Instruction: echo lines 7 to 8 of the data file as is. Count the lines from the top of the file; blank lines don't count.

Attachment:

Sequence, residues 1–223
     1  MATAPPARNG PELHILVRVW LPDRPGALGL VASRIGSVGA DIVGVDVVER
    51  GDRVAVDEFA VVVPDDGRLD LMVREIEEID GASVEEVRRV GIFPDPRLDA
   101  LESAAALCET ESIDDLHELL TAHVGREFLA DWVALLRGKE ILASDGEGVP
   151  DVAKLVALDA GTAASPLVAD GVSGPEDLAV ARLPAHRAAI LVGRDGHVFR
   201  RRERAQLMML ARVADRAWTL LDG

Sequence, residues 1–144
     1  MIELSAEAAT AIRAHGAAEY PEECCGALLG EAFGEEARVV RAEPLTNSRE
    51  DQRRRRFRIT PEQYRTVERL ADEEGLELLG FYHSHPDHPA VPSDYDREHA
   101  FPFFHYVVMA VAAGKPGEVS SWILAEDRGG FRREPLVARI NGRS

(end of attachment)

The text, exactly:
Sequence, residues 1–144
     1  MIELSAEAAT AIRAHGAAEY PEECCGALLG EAFGEEARVV RAEPLTNSRE